without meaning to label the actual block)
 3. Deviates from C.

 What kind of bothers me most is the combination 1 & 3: Why??? I've
 complained about this before, and the answer was: "According to spec", bu=

 to the question "why are the specs like this", I have yet to get an answe=

 ----------------
 The reason I'm bringing this up (again), is that it bit me in the ass ver=

 recently. According to TDPL:

 "If a numeric expression compiles in the C language and also compiles in
 D, its
 type will be the same in both languages (note that not all C expressions
 must be
 accepted by D)."

 Followed by

 "Rule 1 makes things just a tad more complicated than they would otherwis=

 be, but D overlaps enough with C and C++ to inspire people to simply copy
 and paste entire functions into D programs. Now it=E2=80=99s all right if=

 occasionally refuses to compile certain constructs for safety or
 portability reasons; but if it compiled that 2000-line encryption package
 and ran it with different results, life would definitely not be good for
 the hapless victim."

 So basically, this is saying "If your C code compiles in D, you'll get th=

 same result. I guarantee it :)"

 Here's a (reduced) C program:

 ----
 int i =3D 3;

 void main()
 {
   {
     int some_condition =3D 1;
     if ( some_condition )
       goto block_end;

     /* dummy code */
   } block_end:

   {
     int i =3D 7;
     printf("%i", i);
   }

   printf("%i", i);
 }
 ----
 C prints: "70"
 D prints: "77"

 Oops!

 I realize 99% of people don't use goto or labels too much, but this
 doesn't mean it shouldn't be addressed. For me, D has been about being a
 "smooth experience", and this makes so little sense to me it infuriates m=

 I don't see how this could help anyone, but I do see how it can create
 bugs, and these kinds of cases are what D strives to avoid. "Fixing" woul=

 probably break nothing.

 -------------------
 I'd like to make a push to get the specs changed in regards to this. I'd
 like to get others' opinion on the matter, in particular, if anybody can
 think of a rationale for the current behavior. And if there is no
 rationale, how much support there is for changing it. (in which case I'll
 file the corresponding ER).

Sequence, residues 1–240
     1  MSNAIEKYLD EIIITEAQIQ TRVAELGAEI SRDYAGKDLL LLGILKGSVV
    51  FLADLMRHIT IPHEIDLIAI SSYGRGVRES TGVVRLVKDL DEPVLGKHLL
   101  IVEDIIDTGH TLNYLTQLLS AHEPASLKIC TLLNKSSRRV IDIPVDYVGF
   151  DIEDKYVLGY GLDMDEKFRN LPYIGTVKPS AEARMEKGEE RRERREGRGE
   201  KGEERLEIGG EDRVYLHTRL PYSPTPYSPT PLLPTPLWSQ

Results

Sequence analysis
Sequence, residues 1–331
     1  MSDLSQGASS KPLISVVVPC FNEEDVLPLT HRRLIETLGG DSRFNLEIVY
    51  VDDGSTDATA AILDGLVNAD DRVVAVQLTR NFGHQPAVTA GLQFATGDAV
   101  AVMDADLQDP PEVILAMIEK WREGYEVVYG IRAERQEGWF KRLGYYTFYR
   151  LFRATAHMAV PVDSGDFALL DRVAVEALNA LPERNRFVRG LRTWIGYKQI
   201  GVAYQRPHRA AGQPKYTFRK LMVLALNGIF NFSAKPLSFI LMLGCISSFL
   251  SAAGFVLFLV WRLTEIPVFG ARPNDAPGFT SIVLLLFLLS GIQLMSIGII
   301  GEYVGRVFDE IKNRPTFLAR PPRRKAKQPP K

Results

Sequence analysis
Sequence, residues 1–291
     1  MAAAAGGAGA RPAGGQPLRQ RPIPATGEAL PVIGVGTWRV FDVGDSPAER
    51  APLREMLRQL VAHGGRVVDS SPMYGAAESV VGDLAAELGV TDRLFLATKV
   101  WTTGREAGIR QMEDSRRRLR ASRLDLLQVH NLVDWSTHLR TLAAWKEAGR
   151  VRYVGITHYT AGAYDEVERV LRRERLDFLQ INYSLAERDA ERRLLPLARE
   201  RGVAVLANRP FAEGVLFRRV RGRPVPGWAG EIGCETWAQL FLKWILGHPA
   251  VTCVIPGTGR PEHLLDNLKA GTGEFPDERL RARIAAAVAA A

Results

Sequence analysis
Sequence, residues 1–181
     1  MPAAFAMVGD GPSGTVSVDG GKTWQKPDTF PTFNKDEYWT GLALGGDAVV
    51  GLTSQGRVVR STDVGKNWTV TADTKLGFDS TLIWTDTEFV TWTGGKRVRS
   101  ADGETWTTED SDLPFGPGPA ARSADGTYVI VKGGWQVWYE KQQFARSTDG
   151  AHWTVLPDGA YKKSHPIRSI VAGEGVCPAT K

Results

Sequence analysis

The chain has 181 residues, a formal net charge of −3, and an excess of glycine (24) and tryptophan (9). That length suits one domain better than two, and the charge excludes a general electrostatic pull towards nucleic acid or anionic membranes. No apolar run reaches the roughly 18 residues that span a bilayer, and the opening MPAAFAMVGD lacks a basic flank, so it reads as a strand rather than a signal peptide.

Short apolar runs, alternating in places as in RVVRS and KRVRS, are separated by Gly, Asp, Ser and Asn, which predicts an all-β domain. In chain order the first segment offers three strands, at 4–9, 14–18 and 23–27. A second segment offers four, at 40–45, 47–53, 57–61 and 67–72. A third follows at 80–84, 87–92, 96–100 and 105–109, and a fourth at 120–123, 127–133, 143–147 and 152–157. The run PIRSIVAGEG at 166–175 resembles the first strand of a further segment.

--047d7bb04bdadf7c1004ddc9e50b Content-Type: text/html; charset=UTF-8 Content-Transfer-Encoding: quoted-printable <div dir=3D"ltr">I think this is a corner case bug of current dmd parser.<d= iv><br></div><div style>Kenji Hara</div></div><div class=3D"gmail_extra"><b= r><br><div class=3D"gmail_quote">2013/5/28 monarch_dodra <span dir=3D"ltr">= &lt;<a href=3D"mailto:monarchdodra gmail.com" target=3D"_blank">monarchdodr= a gmail.com</a>&gt;</span><br> <blockquote class=3D"gmail_quote" style=3D"margin:0 0 0 .8ex;border-left:1p= x #ccc solid;padding-left:1ex">I have created before two threads about the = weird semantics of labeled block statements. In a word: putting a label bef= ore a block means that block does not create a scope, and the variables cre= ated inside that scope will &quot;leak&quot; to the outside of said scope. = I&#39;ve found this to be problematic on several points:<br> <br> 1. No use case for this<br> 2. You can accidentally break code by placing a label before a block (but w= ithout meaning to label the actual block)<br> 3. Deviates from C.<br> <br> What kind of bothers me most is the combination 1 &amp; 3: Why??? I&#39;ve = complained about this before, and the answer was: &quot;According to spec&q= uot;, but to the question &quot;why are the specs like this&quot;, I have y= et to get an answer.<br> <br> ----------------<br> The reason I&#39;m bringing this up (again), is that it bit me in the ass v= ery recently. According to TDPL:<br> <br> &quot;If a numeric expression compiles in the C language and also compiles = in D, its<br> type will be the same in both languages (note that not all C expressions mu= st be<br> accepted by D).&quot;<br> <br> Followed by<br> <br> &quot;Rule 1 makes things just a tad more complicated than they would other= wise be, but D overlaps enough with C and C++ to inspire people to simply c= opy and paste entire functions into D programs. Now it=E2=80=99s all right = if D occasionally refuses to compile certain constructs for safety or porta= bility reasons; but if it compiled that 2000-line encryption package and ra= n it with different results, life would definitely not be good for the hapl= ess victim.&quot;<br> <br> So basically, this is saying &quot;If your C code compiles in D, you&#39;ll= get the same result. I guarantee it :)&quot;<br> <br> Here&#39;s a (reduced) C program:<br> <br> ----<br> int i =3D 3;<br> <br> void main()<br> {<br> =C2=A0 {<br> =C2=A0 =C2=A0 int some_condition =3D 1;<br> =C2=A0 =C2=A0 if ( some_condition )<br> =C2=A0 =C2=A0 =C2=A0 goto block_end;<br> <br> =C2=A0 =C2=A0 /* dummy code */<br> =C2=A0 } block_end:<br> <br> =C2=A0 {<br> =C2=A0 =C2=A0 int i =3D 7;<br> =C2=A0 =C2=A0 printf(&quot;%i&quot;, i);<br> =C2=A0 }<br> <br> =C2=A0 printf(&quot;%i&quot;, i);<br> }<br> ----<br> C prints: &quot;70&quot;<br> D prints: &quot;77&quot;<br> <br> Oops!<br> <br> I realize 99% of people don&#39;t use goto or labels too much, but this doe= sn&#39;t mean it shouldn&#39;t be addressed. For me, D has been about being= a &quot;smooth experience&quot;, and this makes so little sense to me it i= nfuriates me.<br> <br> I don&#39;t see how this could help anyone, but I do see how it can create = bugs, and these kinds of cases are what D strives to avoid. &quot;Fixing&qu= ot; would probably break nothing.<br> <br> -------------------<br> I&#39;d like to make a push to get the specs changed in regards to this. I&= #39;d like to get others&#39; opinion on the matter, in particular, if anyb= ody can think of a rationale for the current behavior. And if there is no r= ationale, how much support there is for changing it. (in which case I&#39;l= l file the corresponding ER).<br> </blockquote></div><br></div> --047d7bb04bdadf7c1004ddc9e50b--